Orbital system including a tethered satellite
An orbital system comprising a main platform and a satellite tethered by a long cable which may be used to perform measurements in the upper layers of the atmosphere. Air drag on the satellite causes the orbit parameters to decay, and means of regenerating the orbit parameters by electro-dynamic propulsion are provided. The cable is electrically conductive and, in a propulsion configuration, a current is passed through the cable to provide electro-geomagnetic thrust. Winches enable the cable to be wound in and out, either constantly, or in synchronization with angular oscillation of the system to damp the oscillations.On an east-bound orbit, the satellite may be transferred from a measurement configuration, where it is below the platform, to a propulsion configuration, where it is above the platform. This is achieved by winding the cable in synchronism to excite the oscillations until it swings above the platform and then to damp the oscillations so that it remains above the platform. The opposite transfer is obtained symmetrically.
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This invention relates to an orbital system comprising a main platform, such as a main satellite or a launcher, which may be a space shuttle, and a secondary satellite which may be deployed from the platform, the deployed secondary satellite being connected to the platform by a very long tether cable. The secondary satellite may be used as a measurement probe for the upper atmosphere, at an altitude between 100 and 150 km.DESCRIPTION OF THE PRIOR ART
An orbital system of this kind is described by Colombo and Grossi in U.S. Pat. No. 4,097,010. In this prior art system, the probe is connected to a powered space platform by a cable of a length of 100 km or more. The development of the platform-cable-probe system is performed by ejecting the probe from the platform with an initial speed along the local vertical, in combination with the effects of gravity gradient and the drag of the probe when it starts to enter the upper atmospheric layers.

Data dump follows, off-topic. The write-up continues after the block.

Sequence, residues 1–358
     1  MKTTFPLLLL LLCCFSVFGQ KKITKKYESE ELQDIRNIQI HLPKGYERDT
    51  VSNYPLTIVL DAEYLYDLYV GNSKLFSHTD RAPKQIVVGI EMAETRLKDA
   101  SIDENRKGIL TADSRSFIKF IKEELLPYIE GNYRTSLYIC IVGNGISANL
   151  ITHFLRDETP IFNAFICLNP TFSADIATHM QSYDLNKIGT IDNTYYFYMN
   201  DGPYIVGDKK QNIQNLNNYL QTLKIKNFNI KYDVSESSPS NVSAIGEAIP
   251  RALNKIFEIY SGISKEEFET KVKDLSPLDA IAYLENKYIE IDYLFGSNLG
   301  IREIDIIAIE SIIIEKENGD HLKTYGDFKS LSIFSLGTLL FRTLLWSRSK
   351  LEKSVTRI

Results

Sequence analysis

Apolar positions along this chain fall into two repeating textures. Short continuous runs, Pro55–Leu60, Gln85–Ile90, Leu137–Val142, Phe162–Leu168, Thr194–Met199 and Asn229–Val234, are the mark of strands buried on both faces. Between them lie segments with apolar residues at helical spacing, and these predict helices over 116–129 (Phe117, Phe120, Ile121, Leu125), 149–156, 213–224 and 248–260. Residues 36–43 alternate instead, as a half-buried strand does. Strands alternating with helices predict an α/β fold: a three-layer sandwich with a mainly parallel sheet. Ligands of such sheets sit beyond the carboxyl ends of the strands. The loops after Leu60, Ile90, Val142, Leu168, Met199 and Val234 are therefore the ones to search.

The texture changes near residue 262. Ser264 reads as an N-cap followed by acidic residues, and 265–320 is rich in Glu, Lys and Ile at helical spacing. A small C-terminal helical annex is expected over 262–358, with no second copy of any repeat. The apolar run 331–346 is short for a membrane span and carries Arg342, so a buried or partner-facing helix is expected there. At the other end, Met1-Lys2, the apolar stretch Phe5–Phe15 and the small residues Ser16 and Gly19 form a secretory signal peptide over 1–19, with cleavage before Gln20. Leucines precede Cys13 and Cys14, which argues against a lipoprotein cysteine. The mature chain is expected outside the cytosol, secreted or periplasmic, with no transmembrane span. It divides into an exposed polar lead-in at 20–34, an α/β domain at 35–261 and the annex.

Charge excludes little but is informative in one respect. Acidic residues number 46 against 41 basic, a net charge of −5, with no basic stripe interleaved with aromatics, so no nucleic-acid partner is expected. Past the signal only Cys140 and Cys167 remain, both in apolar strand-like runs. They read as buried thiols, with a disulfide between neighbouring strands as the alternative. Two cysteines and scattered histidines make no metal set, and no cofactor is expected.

However, as noted in the U.S. patent mentioned above, the drag experienced by the probe as it travels in the upper layers of the atmosphere cause degeneration of the deployed systems orbit and the degeneration is substantial after a few orbital revolutions only, when the probe orbits at about 150 km altitude. In this patent, which relates to a satellite connected to a powered spacecraft, this degeneration is compensated by using the spacecraft thrusters. Now, the thrusters of a spacecraft and in particular of the spacecraft available at present such as the U.S. space shuttle imply consumption and therefore storage of fuel, and the autonomy of the system is limited by the load carrying capacity of the space shuttle, that is to say the payload mass.
It is possible to use the high density of electrons and ions in the F.sub.2 layer of the ionosphere (between 250 and 600 km altitude) to obtain orbital propulsion using a long electrically conductive cable. Thus, according to theory, an electric current produced in the cable generates, by interaction with the earth's geo-magnetic field, an electro-dynamic force F according to the equation:
-F=i0.1.times.B (1) (see FIG. 2)
where B is the magnetic flux, l is the length of cable extending from the probe to the platform and i the electric current, positive in the direction from the probe to the platform. The electrical energy could be provided from the main platform, which contains the equipment and the energy source.